Living with someone you love can throw up all sorts of differences in how to do things, which in the early stages of a relationship you might have been more tolerant about. Living or spending more time with a partner in every day situations when housework and routine take over can banish some of the affection and even trust. Partners coming home late from work or not doing their share of the chores at home can soon make a partner feel taken for granted or less loved.

Usually one partner is more emotional than the other – but if both partners are cool headed or overemotional, a cycle of constant bickering and rowing can develop.

When situations occur in a relationship which upset one partner, the response can be varied:

  • Start a row
  • Ignore the situation in case it causes trouble
  • Nitpick about other things
  • Complain about your partner to others
  • Be cold towards your partner
  • Withdraw affection
  • Flirt with someone else
  • Start another relationship behind partner’s back
  • Leave.

You can see that the responses are all progressing towards the breakdown of the relationship – and many partners split up and end the relationship or marriage because a small difference was left to fester and the situation escalated.

In divorce cases, a surprising number of couples reach their solicitor’s office and suddenly become aware that what they do not want is to separate or divorce – but differences or disagreements got out of hand.

Living together or in close proximity also can mean getting used to – or tolerating – a partner’s habits and hygiene practices.

Many couples fear discussing situations because it can be painful – a partner who persistently fails to help out with the housework or who cannot seem to be bothered not to squeeze the toothpaste in the middle to please you may appear selfish or deliberately annoying.

However, ending a relationship because a small issue remained unresolved and differences in other areas escalated can be even more painful than working through problems as they occur: you may be free of your partner’s SNORING or bad breath, but your next partner might have hairy toes or shout in their sleep and not be so good at cooking or DIY and the whole cycle of differences of opinion may begin again.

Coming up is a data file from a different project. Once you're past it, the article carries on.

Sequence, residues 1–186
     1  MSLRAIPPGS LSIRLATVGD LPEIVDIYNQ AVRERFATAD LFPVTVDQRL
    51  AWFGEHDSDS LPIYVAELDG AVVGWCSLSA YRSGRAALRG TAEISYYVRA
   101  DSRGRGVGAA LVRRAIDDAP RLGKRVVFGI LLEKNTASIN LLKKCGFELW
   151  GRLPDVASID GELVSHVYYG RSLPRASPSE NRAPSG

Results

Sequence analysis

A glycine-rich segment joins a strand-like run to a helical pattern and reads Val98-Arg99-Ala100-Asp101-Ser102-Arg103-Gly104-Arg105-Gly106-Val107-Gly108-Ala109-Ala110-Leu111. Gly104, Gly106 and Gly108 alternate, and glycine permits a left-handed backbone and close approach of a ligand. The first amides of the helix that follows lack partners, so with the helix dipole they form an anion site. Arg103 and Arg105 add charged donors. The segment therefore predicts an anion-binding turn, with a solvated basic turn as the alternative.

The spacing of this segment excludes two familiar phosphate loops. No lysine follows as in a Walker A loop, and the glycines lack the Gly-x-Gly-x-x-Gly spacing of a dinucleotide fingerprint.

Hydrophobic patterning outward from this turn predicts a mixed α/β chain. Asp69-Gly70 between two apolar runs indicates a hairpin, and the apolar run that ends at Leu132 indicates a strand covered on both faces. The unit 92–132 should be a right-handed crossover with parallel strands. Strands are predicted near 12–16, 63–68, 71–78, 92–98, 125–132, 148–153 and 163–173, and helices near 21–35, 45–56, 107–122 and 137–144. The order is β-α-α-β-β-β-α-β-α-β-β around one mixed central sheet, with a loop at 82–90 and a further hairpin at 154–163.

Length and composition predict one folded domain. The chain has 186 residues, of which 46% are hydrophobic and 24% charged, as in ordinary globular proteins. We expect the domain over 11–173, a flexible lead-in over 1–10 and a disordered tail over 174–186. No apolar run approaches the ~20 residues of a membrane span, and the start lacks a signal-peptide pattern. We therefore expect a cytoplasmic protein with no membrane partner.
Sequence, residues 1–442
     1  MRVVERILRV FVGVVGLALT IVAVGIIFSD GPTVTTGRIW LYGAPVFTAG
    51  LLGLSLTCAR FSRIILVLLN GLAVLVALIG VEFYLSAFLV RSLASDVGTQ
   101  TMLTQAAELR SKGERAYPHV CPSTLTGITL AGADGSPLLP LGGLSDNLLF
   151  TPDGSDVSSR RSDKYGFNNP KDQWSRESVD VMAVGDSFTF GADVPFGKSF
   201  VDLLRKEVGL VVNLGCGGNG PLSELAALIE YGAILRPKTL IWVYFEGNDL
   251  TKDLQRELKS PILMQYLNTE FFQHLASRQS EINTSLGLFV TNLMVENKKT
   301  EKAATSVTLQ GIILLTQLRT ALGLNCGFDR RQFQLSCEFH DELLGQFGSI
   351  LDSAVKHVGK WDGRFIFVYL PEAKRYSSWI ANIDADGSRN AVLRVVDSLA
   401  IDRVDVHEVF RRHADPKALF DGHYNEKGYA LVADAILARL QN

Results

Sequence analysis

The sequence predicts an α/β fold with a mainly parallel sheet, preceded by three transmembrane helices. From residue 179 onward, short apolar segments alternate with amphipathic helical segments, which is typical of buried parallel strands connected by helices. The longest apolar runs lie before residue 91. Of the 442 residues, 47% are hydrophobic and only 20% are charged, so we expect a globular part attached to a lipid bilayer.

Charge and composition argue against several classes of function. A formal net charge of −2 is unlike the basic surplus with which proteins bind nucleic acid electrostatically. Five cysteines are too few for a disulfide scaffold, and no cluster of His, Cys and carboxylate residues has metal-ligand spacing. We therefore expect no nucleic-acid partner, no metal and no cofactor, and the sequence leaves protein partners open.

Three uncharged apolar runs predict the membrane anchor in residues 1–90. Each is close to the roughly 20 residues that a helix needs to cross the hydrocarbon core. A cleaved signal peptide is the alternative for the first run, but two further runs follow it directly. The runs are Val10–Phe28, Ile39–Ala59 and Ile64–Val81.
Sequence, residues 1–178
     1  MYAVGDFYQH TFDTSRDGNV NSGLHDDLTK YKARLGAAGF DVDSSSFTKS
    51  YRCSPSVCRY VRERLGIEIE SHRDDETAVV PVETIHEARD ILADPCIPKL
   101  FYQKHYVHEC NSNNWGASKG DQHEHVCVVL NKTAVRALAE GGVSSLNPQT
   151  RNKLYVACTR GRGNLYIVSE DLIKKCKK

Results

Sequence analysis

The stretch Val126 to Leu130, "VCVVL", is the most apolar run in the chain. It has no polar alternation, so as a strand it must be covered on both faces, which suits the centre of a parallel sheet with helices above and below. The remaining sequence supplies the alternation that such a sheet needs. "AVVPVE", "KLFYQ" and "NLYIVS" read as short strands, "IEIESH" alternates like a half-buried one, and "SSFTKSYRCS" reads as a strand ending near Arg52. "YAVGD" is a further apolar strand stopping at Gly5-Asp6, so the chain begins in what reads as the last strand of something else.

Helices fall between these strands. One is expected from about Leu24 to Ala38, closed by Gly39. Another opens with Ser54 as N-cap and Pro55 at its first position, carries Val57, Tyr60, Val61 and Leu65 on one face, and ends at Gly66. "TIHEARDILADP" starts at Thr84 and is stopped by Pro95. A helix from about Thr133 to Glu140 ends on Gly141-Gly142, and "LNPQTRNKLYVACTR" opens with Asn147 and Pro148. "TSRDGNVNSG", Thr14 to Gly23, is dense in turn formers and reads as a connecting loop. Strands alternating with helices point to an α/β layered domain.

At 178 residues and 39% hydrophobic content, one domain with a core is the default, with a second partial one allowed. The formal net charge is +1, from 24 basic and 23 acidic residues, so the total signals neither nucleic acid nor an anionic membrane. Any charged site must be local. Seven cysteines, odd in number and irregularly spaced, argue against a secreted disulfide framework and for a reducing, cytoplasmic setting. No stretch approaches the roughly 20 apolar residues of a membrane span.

When emotions get out of control over issues which are relatively minor and can be controlled, it is time to take a deep breathe, keep calm – and not carry on.

  • If you have a temper or get emotional, accept that this can sometimes escalate issues beyond what they are worth, so, work out what is important and what is not
  • Try your best to please your partner within reason – don’t squeeze the toothpaste in the middle, flirt with their friends because it’s just your way, or expect them to put the kettle on every time
  • If you feel yourself getting angry, turn away from your partner and say “I’m sorry I’m getting angry.” Take a deep breath and calm down. This will diffuse a volatile situation and it also gives your partner the chance to calm down and meet you halfway
  • Don’t row in front of children and others. Children can bear the emotional brunt of family rows all their lives and your friends and family should not be subjected to your outbursts.

Talk to a trusted friend or relative or your GP if you feel your emotions are getting out of control in a relationship. If you suspect your partner is being unfaithful or you are jealous of a work colleague or the attention they pay a friend, talk to a trusted friend to get their support and then talk to your partner about how much it upsets you.